Therapy Type: Immunotherapy (passive) (timeline)
Target Type: Inflammation (timeline)
Condition(s): Alzheimer's Disease
U.S. FDA Status: Alzheimer's Disease (Phase 2)
Company: AbbVie, Alector
This humanized monoclonal IgG1 antibody is being developed in a partnership between Alector and AbbVie. It binds the microglial receptor TREM2 and activates signaling, increasing phosphorylation of TREM2's downstream effector Syk, and inducing microglia proliferation. AL002a, a variant of AL002 that recognizes mouse TREM2, reportedly doubled the number of CD11b-positive microglia in cortex and hippocampus 72 hours after injection in APP/PS1 mice. Microglia expressed more pro-inflammatory and repair genes, and nearby amyloid deposits were nearly halved (Dec 2016 conference news). The antibody produced similar results in 5XFAD mice after 72 hours.
Repeated injections of 50 mg/kg AL002a into 4-month-old 5XFAD mice for 14 weeks reportedly raised the number of CD11b-positive microglia by 50 percent. The number of microglia around amyloid plaques doubled, and amyloid load was cut in half. Treated mice performed like wild type in the radial arm water maze and novel object recognition tasks (May 2019 conference news).
An anti-human TREM2 antibody, AL002c, was tested in 5XFAD mice carrying human TREM2 genes. Three months of weekly injection with 30 mg/kg AL002c activated microglia, reduced neurotoxicity and inflammatory signaling, and normalized behavior in an elevated maze. Treatment did not alter Aβ plaque load (Jun 2020 news). AL002c is the preclinical variant of AL002.
In November 2018, AL002 started INVOKE, a Phase 1 trial at six sites in the U.S., Australia, and the U.K. In its single-ascending-dose phase, 69 healthy adults received a single infusion of one of nine doses between 0.003 to 60 mg/kg or placebo; in the multiple-ascending dose phase, 30 AD patients will be enrolled in three dose cohorts. Outcomes include safety, tolerability, pharmacokinetics, pharmacodynamics, and immunogenicity. The results of the single-dose portion of the study have been published (June 2020 news). The antibody was well tolerated, and no serious adverse events were noted up to 12 weeks after dosing. Treatment caused dose-dependent changes in two pharmacodynamic markers in CSF: soluble TREM2 was decreased two days after treatment, while a fragment of CSF1R, a receptor expressed only by microglia in the brain, was increased. The trial was completed in December 2020.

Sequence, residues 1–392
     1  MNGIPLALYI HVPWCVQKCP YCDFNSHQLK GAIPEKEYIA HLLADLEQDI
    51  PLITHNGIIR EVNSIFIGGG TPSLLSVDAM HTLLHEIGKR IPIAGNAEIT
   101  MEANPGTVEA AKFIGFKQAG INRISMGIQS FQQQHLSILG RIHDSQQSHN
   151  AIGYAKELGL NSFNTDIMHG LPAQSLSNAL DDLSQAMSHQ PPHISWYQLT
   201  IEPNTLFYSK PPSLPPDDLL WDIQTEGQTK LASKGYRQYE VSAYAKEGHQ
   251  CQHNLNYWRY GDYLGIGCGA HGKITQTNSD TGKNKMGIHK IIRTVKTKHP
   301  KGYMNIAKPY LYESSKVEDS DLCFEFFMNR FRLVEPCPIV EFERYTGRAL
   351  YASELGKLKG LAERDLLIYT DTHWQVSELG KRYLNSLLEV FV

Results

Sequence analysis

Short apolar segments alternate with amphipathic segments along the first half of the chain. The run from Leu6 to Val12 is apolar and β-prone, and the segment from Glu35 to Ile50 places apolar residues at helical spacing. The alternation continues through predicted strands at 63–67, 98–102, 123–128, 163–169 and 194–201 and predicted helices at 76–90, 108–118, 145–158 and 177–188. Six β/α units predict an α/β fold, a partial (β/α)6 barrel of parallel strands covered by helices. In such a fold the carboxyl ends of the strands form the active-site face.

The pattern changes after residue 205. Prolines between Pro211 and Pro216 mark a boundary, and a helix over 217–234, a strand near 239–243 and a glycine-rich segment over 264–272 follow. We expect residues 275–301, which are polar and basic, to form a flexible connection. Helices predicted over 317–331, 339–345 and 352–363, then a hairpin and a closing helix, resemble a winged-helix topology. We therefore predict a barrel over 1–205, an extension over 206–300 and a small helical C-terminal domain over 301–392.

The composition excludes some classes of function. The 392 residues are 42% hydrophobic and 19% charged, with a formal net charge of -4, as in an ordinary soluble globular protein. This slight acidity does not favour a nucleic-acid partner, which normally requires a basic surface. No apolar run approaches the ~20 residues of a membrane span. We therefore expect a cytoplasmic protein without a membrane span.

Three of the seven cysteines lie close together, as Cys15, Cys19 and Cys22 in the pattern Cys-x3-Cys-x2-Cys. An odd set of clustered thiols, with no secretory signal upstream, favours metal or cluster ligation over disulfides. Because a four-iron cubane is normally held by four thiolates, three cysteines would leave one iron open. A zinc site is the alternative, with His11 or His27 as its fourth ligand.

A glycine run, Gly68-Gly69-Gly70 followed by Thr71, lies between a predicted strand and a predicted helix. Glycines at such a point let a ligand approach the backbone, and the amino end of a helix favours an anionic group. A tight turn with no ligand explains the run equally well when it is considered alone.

In January 2021, the Phase 2 INVOKE-2 study started enrolling 265 people with early AD to compare monthly infusions of 15, 40, or 60 mg/kg of AL002 to placebo on the CDR-SB as a primary outcome. The treatment phase is running for 48 to 96 weeks, through the end of 2023, at 90 sites in North and South America, Europe, Australia, and New Zealand. In late 2021, Alector reported that amyloid-related imaging abnormalities were observed in the INVOKE-2 trial, with some serious adverse events in people with two copies of the ApoE4 allele. The company discontinued dosing E4 homozygotes in the trial, and amended the protocol to exclude them (Feb 2022 press release). After exclusion of homozygotes, no additional serious adverse events related to ARIA were reported (Aug 2022 press release, Jan 2023 company presentation, slides 24-32).
For all trials of AL002, see clinicaltrials.gov.
Last Updated: 14 Feb 2023
- In Mice, Activating TREM2 Tempers Plaque Toxicity, not Load
- Inflammation Helps Microglia Clear Amyloid from AD Brains
- Antibodies Against Microglial Receptors TREM2 and CD33 Head to Trials
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